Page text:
Welcome Time Wasters!
I hope everyone had a great New Year’s Eve and Day. I’ve been busy these last couple of weeks (like I’m sure most of you have been) and I decided to take this time to take a break from video games. However, I’m a gamer at heart and that means I needed to get my fix somehow and Magic: The Gathering was my go-to choice.
I’ve been playing Magic: The Gathering for several years now (I played casually in Kamigawa and got serious about it in Zendikar) and it’s become one of my favorite past times. For those who don’t know, Magic is a collectible card game that has players assembling decks made up of at least 60 cards. Players use land in their decks to produce Mana for summoning creatures and casting spells and there can’t be more than four of a named card in a deck. The goal is to defeat other players by reducing their life to zero or making them run out of cards to draw.This is actually a very basic explanation of the game as it’s much deeper than this.
One of my favorite things about Magic: The Gathering is building decks. There are five basic colors to choose from and players can mix and match them to create complex decks that suit their own play styles. There are thousands of Magic cards out there and searching through them all to create a deck can be a real time sink, but it’s worth it. I usually spend three to four hours creating a single deck and then more after that testing it and making adjustments.
Playing against other players is where the heart of Magic: The Gathering is. It’s great to see what other players come up with and learning the ins and outs of the more complex elements of the game make for some really unique strategies. I personally love multiman matches, which brings me to what i did over the Christmas and New Year’s break.
This year everyone was interested in playing Commander. Commander is a different format of Magic: The Gathering that has been picking up steam lately. If differs from normal Magic in that decks must have at least 100 cards in them and there can only be one of each named card in the deck. Players also must choose a commander from their Legendary Creatures to make a Commander. Whatever colors of Mana are used in summoning that Commander are the only colors that the deck can be made out of.
Commander specifically focuses on having multiple people together to play with. The average match is between four people, but there can be more or less than this. I love the format because only being able to use a single copy of a card instead of four forces players to use other cards that typically wouldn’t be good in normal Magic: The Gathering games. The uniqueness of having a Commander in the game also completely changes how people build decks and brings out new concepts and strategies.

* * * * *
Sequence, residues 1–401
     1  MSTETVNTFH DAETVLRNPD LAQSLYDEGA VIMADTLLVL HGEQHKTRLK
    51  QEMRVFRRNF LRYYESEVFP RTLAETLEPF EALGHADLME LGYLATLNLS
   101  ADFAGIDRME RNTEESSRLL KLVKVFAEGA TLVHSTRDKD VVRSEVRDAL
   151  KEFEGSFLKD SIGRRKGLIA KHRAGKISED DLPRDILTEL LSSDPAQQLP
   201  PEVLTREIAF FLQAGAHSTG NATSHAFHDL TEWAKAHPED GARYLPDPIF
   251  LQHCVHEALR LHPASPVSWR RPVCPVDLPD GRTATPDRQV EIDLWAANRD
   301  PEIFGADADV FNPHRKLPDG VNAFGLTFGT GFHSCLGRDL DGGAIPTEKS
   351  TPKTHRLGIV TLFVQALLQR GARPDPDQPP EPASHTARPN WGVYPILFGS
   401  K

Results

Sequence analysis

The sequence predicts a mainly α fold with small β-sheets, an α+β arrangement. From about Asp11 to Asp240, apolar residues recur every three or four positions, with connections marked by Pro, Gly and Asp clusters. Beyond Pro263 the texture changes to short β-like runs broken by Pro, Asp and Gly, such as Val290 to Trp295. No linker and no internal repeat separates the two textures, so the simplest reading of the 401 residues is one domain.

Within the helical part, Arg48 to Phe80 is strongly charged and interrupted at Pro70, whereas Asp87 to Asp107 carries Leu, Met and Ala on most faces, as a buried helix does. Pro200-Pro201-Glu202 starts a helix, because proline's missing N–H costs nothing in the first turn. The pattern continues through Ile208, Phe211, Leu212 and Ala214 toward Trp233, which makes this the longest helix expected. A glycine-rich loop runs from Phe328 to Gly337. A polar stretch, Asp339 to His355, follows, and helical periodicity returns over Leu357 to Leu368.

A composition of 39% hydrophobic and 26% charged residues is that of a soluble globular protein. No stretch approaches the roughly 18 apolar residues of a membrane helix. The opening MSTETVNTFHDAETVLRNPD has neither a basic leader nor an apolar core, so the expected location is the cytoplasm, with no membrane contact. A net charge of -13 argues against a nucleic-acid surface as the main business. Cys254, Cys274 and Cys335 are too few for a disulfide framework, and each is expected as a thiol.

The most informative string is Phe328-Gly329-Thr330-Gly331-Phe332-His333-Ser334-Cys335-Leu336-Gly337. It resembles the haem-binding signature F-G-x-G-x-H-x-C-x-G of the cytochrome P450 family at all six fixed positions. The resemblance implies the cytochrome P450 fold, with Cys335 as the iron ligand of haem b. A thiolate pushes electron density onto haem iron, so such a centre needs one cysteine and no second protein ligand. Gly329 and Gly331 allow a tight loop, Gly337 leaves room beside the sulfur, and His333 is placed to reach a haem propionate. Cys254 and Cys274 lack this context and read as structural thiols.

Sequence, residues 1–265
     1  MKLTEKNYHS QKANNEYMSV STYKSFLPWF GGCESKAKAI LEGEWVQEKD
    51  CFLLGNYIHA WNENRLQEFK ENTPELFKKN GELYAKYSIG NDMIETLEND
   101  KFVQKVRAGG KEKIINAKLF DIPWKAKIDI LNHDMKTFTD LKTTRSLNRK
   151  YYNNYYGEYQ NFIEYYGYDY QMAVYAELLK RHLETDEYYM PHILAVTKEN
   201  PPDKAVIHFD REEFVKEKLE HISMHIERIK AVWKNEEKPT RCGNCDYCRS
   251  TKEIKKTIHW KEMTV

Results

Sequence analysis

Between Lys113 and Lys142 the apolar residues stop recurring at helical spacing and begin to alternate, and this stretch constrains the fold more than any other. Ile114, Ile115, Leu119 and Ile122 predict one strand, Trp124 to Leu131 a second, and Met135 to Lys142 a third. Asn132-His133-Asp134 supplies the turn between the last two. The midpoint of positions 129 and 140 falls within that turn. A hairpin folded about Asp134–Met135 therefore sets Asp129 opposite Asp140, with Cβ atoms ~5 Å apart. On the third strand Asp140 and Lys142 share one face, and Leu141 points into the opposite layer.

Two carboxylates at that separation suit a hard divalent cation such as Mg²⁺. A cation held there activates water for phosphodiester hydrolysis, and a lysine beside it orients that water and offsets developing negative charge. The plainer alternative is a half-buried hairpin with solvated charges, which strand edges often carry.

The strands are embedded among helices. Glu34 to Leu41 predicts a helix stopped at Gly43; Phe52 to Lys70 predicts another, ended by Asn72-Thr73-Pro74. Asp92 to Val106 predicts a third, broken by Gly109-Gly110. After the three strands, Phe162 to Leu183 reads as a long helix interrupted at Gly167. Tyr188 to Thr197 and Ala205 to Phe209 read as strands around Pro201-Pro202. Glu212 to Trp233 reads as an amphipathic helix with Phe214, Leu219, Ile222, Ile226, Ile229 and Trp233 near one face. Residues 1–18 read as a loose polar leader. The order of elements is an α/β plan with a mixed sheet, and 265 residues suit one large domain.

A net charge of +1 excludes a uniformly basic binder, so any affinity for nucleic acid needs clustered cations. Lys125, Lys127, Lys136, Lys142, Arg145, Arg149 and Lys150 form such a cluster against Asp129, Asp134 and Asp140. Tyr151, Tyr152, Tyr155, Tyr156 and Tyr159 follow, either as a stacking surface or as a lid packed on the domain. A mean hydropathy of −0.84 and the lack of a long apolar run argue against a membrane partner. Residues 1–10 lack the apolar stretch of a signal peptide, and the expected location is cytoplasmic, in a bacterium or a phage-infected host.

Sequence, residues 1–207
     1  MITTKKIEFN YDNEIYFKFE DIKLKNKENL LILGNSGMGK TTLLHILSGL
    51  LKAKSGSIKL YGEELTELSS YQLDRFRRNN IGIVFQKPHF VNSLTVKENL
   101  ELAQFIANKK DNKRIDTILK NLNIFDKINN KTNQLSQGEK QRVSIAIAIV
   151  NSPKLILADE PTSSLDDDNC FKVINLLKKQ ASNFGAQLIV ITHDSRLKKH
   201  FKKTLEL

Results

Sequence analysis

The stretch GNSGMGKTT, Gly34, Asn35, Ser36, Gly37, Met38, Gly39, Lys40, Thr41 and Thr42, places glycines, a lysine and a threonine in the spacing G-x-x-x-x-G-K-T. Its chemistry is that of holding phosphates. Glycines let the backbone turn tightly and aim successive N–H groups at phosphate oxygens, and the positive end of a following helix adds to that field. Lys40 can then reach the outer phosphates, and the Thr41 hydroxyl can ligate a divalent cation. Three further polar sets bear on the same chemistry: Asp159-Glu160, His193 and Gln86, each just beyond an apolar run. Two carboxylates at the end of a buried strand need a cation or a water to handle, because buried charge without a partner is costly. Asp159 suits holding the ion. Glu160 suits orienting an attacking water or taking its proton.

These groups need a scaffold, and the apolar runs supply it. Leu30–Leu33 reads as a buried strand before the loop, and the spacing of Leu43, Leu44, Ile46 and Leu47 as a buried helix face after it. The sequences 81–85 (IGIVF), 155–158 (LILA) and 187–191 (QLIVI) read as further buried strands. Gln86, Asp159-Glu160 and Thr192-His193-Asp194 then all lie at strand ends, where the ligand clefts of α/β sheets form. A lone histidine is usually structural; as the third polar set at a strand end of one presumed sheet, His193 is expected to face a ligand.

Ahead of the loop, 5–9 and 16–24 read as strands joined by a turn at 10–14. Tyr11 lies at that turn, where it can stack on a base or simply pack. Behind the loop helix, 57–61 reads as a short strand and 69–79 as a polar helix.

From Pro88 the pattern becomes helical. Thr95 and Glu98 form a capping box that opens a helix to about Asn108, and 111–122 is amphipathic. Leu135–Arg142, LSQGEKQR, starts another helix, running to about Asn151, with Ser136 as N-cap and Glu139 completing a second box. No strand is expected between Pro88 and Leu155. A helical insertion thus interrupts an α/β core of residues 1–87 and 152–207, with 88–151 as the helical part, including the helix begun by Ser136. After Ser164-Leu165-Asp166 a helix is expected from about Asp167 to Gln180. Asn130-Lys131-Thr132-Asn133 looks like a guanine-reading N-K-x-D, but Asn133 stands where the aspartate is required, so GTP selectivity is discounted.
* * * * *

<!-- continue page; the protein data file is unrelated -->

When collected together at Alia’s side of the family’s Christmas and New Year’s events, Magic: The Gathering is almost always played. This year I got to sit down and enjoy playing with my three brothers-in law and my cousin-in law. After those events were done, Alia (as in mostly me, Alia has been sick the last couple of weeks) and I invited them back to our place to continue playing Magic. We were also able to get some of my friends to join in for a few days of Magic that involved anywhere from four to nine people.
It’s great to sit around with friends and family to enjoy a common interest like this. New rivalries were born and underdog victories were achieved all on a tabletop. I’ve enjoyed my couple of weeks away from video games and I’m ready to sink my teeth into all the great titles coming out. When we ultimately hit the dry season for video games, I always have Magic: The Gathering as my backup.
For those who are interested in getting into Magic: The Gathering, Wizards of the Coast sells Deckbuilder’s Toolkits for $20 a piece. They come with the basics that players will need to get into the game and are a great entry point into it. My only warning is that it’s an addicting game that can be rough on the wallet at times.
This isn’t so much a review as it is a talk about Magic: The Gathering. So I’ll be filling the score in with a 2.5 out of 5 as a placeholder.